Take the guesswork out of your glute training and follow a plan. Learn the best practices to implement when it comes to strengthening glutes and reap the benefits of less back pain and the ability t carry kids easier. Because being strong isn’t optional when you’re a mom. Grab your seat in the mini glutes course and start implementing the exercises today.
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Make A Good PlayList
This is actually the most crucial out of all the running tips. When I work out, I love harder music like Eminem and Linkin Park. It turns out they SUCK for running music for me though.
Instead, I need upbeat songs that basically make me want to bust out in dance (Flo Rida or whatnot). Either that or I need songs that make me think. This helps me zone out and almost meditate/daydream while I run. It took me two years to get to the “zone out” point though so don’t rush yourself!
If you have crap music, about four minutes into your run you’ll wonder wtf you’re doing running. Instead, take the time to craft a playlist or two so you don’t weep about the fact you’re trying to run- especially if you’re winter running!
Running Tips: Have A Goal & A Plan
Just like lifting weights, if you don’t have a plan you kind of just aimlessly do crap and never really achieve much.
My goal was to run 5k, no more. This time around my goal is the same: run five kilometers. To me, this is just a good amount.
Each time I run, I try and progress a little; push a bit longer, change my intervals etc. If you’re not progressing your workouts your body won’t adapt to them. If you’ve not idea how to progress your running workouts, snag the app: couch to 5k – it actually does a really great job!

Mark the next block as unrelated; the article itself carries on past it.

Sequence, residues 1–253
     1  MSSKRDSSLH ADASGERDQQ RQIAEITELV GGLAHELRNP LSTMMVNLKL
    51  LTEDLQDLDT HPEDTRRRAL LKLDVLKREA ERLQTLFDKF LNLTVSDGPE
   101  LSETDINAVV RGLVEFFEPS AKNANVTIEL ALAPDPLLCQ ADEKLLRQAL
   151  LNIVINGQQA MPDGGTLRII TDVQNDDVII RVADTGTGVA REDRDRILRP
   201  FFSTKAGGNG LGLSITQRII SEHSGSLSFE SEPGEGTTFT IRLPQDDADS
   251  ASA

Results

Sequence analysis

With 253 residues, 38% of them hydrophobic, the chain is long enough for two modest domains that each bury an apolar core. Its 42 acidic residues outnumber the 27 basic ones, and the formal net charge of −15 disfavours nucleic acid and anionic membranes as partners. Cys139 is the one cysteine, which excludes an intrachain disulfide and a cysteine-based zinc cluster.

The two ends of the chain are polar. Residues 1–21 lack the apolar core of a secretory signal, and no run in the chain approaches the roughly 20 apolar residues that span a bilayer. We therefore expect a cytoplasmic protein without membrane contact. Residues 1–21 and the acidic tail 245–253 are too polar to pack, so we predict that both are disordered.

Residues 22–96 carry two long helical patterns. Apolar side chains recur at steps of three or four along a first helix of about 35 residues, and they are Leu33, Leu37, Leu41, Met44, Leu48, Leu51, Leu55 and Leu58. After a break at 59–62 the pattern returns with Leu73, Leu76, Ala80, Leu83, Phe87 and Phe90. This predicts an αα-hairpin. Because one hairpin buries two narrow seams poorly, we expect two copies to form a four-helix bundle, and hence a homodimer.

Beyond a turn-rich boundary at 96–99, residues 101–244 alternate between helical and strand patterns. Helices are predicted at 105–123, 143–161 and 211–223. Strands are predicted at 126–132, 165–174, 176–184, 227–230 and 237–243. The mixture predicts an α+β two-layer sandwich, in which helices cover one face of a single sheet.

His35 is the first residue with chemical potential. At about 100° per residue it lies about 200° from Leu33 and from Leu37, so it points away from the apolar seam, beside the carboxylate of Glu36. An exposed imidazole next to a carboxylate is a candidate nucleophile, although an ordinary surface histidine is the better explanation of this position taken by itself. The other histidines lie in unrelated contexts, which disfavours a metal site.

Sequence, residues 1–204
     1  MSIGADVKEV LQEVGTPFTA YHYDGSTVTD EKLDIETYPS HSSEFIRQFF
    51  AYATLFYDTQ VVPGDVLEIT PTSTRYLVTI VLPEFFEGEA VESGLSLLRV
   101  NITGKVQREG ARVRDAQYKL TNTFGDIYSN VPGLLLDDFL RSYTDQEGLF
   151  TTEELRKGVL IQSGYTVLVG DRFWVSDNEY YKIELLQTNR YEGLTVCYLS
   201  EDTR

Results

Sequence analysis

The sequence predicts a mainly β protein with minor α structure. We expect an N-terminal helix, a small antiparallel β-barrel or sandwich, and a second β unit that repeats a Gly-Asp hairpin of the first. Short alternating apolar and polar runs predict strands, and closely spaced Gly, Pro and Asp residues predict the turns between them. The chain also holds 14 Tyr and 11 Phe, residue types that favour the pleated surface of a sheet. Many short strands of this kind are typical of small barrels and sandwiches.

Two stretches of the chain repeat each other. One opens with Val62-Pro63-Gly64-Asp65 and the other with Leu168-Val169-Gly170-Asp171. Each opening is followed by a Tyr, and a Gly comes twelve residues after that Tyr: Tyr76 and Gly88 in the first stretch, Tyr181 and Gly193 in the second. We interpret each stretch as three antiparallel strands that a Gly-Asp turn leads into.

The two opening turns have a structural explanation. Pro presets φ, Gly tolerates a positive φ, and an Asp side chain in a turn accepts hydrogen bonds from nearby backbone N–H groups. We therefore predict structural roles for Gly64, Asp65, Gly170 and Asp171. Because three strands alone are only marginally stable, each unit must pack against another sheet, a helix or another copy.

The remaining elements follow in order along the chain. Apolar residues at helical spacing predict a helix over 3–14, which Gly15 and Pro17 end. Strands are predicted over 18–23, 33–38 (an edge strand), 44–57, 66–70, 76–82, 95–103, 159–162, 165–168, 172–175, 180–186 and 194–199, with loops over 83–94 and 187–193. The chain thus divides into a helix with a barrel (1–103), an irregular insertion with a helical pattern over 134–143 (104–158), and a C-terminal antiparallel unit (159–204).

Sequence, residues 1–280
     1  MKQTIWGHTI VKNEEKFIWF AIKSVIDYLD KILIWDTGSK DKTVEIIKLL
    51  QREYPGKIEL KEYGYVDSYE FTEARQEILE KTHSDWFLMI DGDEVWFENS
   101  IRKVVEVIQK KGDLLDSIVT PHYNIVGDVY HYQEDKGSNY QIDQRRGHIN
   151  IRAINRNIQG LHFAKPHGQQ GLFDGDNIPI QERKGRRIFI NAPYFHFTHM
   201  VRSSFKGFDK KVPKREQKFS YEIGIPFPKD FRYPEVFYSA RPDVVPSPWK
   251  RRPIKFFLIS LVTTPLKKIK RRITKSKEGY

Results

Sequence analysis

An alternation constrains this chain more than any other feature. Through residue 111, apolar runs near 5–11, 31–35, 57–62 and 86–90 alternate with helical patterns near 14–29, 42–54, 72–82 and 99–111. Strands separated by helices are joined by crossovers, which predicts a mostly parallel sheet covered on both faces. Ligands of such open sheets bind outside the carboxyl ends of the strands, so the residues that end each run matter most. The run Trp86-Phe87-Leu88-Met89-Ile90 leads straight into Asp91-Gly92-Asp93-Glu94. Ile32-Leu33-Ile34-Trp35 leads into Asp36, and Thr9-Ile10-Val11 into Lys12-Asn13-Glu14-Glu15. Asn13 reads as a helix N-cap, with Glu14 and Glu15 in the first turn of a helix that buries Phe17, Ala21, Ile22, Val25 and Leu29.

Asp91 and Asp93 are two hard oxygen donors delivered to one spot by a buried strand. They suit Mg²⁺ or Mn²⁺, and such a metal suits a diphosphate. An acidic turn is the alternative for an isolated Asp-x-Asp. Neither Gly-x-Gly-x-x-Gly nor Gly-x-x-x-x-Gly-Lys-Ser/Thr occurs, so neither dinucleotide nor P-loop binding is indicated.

Update: I’ve used a lot of tracking apps in the last year. I adore the couch to 5k app when you’re LEARNING to run. From there I use an app called Runkeeper (again loved it) to track my distance and pace. This past year I broke down and got a Garmin Forerunner35 which is so far my absolute favorite tracker because I can look down and see my pace (or set it to the pace I want and follow my watch). I’ve also used AISportage Smart Shoes which tracks everything from your feet and transfers it to an app. Trial and error trackers and see which one works best for you.
Warm The Eff Up
Another area I liked to skip thinking that walking a few minutes would be enough. It’s not. Grab a five minute warm-up and make sure you do some dynamic work and mobility drills before your run.
This will help the proper muscles know they should be firing and reduce discomfort and injury.
Pay Attention To Your Body
It turns out, while I have an ideal body to run my body actually hates running. Seriously, it is just not something that comes naturally to me. So not only do I need to pay attention to how I’m running while I’m running. But it also means that I need more recovery between runs.
My issue with workouts is that I love them. I love pushing or escaping or just the sheer physical-ness of them. Unfortunately, my body doesn’t tolerate this and I’ve learned (the hard way) that I can’t run on back to back days or do two five-kilometer runs in a week (though hill sprints + one long run works).
You know your body best, so pay attention to it! If your ankle/hip/knee is just feeling a bit off, instead of heading out for your run and placing a bunch of repetitive impact on it, opt for something else. Foam roll, stretch or do some mobility work but listen to the signs and cues your body gives
Don’t forget to pin these running tips!
Honestly, there’s a lot that goes into learning to run. And for most of us, it doesn’t come easily. You’ve got to work for it. I never (seriously ever) in my life thought I would say I enjoy running but I do. But in the last few years, there have been many lessons learned! Hopefully, these running tips can help you not make the same silly mistakes I did when learning to run.